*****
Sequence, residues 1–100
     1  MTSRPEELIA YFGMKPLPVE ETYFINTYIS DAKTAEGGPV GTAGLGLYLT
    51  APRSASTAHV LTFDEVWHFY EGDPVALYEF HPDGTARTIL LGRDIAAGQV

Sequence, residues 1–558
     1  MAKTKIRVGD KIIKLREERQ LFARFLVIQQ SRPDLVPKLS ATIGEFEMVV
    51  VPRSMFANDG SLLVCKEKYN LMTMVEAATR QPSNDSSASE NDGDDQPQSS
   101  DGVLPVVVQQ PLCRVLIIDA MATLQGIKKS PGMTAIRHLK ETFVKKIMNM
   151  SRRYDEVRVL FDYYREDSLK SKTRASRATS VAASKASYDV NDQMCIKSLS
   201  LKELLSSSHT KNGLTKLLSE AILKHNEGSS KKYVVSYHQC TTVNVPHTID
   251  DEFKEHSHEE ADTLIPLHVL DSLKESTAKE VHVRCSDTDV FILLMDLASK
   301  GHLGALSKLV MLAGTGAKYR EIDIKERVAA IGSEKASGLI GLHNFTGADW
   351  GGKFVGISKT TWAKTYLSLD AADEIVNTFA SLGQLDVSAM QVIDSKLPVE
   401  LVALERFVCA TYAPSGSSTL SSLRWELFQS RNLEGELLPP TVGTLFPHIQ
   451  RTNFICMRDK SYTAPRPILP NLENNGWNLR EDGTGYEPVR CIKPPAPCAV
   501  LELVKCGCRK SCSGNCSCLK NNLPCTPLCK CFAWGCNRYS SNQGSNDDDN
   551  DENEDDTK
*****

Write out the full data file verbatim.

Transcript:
Sequence, residues 1–100
     1  MTSRPEELIA YFGMKPLPVE ETYFINTYIS DAKTAEGGPV GTAGLGLYLT
    51  APRSASTAHV LTFDEVWHFY EGDPVALYEF HPDGTARTIL LGRDIAAGQV

Sequence, residues 1–558
     1  MAKTKIRVGD KIIKLREERQ LFARFLVIQQ SRPDLVPKLS ATIGEFEMVV
    51  VPRSMFANDG SLLVCKEKYN LMTMVEAATR QPSNDSSASE NDGDDQPQSS
   101  DGVLPVVVQQ PLCRVLIIDA MATLQGIKKS PGMTAIRHLK ETFVKKIMNM
   151  SRRYDEVRVL FDYYREDSLK SKTRASRATS VAASKASYDV NDQMCIKSLS
   201  LKELLSSSHT KNGLTKLLSE AILKHNEGSS KKYVVSYHQC TTVNVPHTID
   251  DEFKEHSHEE ADTLIPLHVL DSLKESTAKE VHVRCSDTDV FILLMDLASK
   301  GHLGALSKLV MLAGTGAKYR EIDIKERVAA IGSEKASGLI GLHNFTGADW
   351  GGKFVGISKT TWAKTYLSLD AADEIVNTFA SLGQLDVSAM QVIDSKLPVE
   401  LVALERFVCA TYAPSGSSTL SSLRWELFQS RNLEGELLPP TVGTLFPHIQ
   451  RTNFICMRDK SYTAPRPILP NLENNGWNLR EDGTGYEPVR CIKPPAPCAV
   501  LELVKCGCRK SCSGNCSCLK NNLPCTPLCK CFAWGCNRYS SNQGSNDDDN
   551  DENEDDTK